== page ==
The Gift that Gives to the Soul
Doug Gorence (‘77, BS, economics) is someone who has his eyes set on the future. As the president and chief investment officer of the University of Minnesota Foundation Investment Advisors (UMFIA), Doug is responsible for managing a two-and-a-half billion dollar endowment, always keeping the fund’s growth in view. With 4.5 percent of the endowment awarded each year, he and his team perform a delicate balancing act—maintaining a respectable rate of return while minimizing financial risk. But his eye toward the future is by no means confined to his role at UMFIA.
Shaping the Future
In 2003, he and his wife Jane created the Doug and Jane Gorence Endowed Scholarship, an endowed fund for high-performing economics students in the College of Liberal Arts (CLA). They recently decided to make another significant gift to their fund to support the University of Minnesota’s Driven campaign. “I tend to think about the future,” explains Doug. “Can we maintain the purchasing power of the gift over time? Can we even grow it?” he asks. “These are the kinds of questions I think I need to be asking as a donor.” It’s the same attitude that has served him in his role at UMFIA.
Doug attributes his future-oriented attitude in part to his background as a student of CLA. “It requires critical thinking and a great amount of curiosity to do this job well,” he explains, referring to his position at UMFIA, “and I think the same thing applies to being a donor.” In a dynamic, ever-changing world, Doug emphasizes the value of a long-term perspective. “Coming out of a liberal arts perspective with a sense of history, time, and constant change has all really helped in fostering such a perspective.”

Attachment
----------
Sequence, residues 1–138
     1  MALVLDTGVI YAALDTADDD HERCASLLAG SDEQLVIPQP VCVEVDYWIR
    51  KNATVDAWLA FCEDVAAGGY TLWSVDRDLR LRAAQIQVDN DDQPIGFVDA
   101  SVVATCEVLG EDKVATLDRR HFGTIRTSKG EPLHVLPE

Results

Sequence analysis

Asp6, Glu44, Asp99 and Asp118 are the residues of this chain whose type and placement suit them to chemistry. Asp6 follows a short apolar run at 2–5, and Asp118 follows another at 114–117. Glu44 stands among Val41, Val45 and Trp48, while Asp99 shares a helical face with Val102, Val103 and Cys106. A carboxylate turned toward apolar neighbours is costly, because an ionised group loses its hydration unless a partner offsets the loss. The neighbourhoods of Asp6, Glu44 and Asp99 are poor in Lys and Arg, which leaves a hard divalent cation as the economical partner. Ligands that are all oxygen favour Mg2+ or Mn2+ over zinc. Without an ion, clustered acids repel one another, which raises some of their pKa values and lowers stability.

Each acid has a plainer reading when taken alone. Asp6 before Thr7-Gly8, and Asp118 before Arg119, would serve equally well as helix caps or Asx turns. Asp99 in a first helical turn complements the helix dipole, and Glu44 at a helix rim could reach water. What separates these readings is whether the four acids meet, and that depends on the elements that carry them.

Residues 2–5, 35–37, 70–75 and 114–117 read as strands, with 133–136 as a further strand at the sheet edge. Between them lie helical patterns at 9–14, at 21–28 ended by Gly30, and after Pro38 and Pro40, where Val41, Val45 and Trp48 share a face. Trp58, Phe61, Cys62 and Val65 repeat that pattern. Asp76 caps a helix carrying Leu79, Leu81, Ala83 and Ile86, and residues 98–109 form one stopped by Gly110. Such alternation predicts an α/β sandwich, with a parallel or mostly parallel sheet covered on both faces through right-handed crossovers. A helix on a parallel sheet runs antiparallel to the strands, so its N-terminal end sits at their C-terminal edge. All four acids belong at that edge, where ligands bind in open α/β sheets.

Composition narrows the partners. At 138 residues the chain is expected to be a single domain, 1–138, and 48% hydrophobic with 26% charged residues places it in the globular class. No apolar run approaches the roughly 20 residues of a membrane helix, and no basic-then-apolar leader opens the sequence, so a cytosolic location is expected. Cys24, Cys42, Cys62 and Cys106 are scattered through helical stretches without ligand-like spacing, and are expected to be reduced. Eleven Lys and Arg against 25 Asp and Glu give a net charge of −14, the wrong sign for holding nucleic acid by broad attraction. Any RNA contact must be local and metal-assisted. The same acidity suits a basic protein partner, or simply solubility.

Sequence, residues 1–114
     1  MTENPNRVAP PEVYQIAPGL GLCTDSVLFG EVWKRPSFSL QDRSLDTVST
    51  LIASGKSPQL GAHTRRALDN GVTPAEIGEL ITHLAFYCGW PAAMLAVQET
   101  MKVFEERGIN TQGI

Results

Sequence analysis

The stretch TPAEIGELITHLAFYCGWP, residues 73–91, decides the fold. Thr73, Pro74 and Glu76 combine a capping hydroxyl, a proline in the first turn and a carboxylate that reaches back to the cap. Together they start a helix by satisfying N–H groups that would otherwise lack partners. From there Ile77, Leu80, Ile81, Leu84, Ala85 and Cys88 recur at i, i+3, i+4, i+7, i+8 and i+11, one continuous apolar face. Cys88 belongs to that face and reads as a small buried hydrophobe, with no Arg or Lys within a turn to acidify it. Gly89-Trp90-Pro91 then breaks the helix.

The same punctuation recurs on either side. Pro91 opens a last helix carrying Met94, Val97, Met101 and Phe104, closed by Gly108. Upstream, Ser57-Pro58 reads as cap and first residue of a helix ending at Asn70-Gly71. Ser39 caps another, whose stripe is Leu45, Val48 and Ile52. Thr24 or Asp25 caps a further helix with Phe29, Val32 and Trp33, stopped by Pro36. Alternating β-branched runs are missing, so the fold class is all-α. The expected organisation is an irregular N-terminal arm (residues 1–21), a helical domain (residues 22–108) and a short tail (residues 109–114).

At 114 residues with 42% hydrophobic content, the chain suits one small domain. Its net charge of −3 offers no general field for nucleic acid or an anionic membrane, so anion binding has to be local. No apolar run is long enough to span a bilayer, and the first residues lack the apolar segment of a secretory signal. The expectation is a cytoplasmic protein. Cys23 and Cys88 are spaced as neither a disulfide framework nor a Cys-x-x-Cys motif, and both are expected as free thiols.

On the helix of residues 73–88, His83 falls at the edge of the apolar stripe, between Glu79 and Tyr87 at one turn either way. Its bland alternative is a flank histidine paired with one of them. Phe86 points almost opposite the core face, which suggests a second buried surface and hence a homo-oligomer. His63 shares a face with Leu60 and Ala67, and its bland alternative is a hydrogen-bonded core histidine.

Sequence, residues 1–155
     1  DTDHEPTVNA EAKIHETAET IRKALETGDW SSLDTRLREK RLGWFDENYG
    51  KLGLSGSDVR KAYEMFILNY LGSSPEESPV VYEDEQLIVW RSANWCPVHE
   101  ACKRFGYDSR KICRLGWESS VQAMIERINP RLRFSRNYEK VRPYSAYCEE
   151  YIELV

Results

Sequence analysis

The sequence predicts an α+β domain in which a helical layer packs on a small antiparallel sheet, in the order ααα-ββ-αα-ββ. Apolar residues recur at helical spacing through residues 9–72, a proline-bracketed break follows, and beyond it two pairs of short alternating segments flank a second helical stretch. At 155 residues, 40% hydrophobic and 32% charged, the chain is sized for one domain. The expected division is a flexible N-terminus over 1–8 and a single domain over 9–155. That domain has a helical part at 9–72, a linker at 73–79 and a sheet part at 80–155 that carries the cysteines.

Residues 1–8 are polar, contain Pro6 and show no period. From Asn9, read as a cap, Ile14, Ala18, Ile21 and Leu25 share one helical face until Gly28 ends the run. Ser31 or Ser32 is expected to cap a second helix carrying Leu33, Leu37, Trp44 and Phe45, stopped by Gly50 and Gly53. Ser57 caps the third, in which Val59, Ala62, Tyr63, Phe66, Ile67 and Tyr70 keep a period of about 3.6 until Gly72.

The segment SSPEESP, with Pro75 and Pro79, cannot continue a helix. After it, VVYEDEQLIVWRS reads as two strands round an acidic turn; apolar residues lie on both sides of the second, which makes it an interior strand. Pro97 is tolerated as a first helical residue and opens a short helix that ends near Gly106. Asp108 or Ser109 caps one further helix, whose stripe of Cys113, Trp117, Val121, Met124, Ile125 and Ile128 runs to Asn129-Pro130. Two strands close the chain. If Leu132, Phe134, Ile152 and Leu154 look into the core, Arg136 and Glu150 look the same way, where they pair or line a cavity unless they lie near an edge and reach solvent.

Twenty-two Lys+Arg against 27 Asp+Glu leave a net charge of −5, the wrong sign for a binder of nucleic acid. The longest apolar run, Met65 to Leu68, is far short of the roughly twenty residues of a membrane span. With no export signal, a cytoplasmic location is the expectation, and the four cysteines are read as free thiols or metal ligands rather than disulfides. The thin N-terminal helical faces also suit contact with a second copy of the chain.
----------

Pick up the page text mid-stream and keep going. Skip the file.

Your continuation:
Make an Impact with CLA
The importance the Gorences place on their liberal arts backgrounds drives their giving. “Both of us have found that our educations have been so meaningful in the directions of our lives,” says Jane. “In supporting Doug’s role at UMFIA and his desire to give back to CLA, we just want to pay it forward.”
Doug and Jane always make an effort to meet face-to-face with their scholarship recipients. “I want to make eye contact, feel the handshake, hear them say how they’re going to make an impact,” says Jane. “We continue to meet these students because it fuels our interest in financing them.”
Jane points out that it’s often very easy to put off donating: “It’s easy to wait for a better time, but deep down inside, you want to do it. There is so much satisfaction in doing so. It’s the gift that gives to the soul.”
By adding to the Jane and Gorence Endowment Fund, the Gorences have shown their confidence not only in the endowment fund but in the students who benefit from it. At the root of their gift-giving is a keen sense of the value of a liberal arts education. “What you get from a liberal arts education is a set of life-learning skills that keep you open to new ideas,” explains Doug, “and that enables you to reflect on the past, think critically about the present, and have an eye towards the future. I think that’s a more important skill set going forward into the twenty-first century than a lot of people appreciate.”
This story was written by an undergraduate student content creator in CLAgency. Meet the team.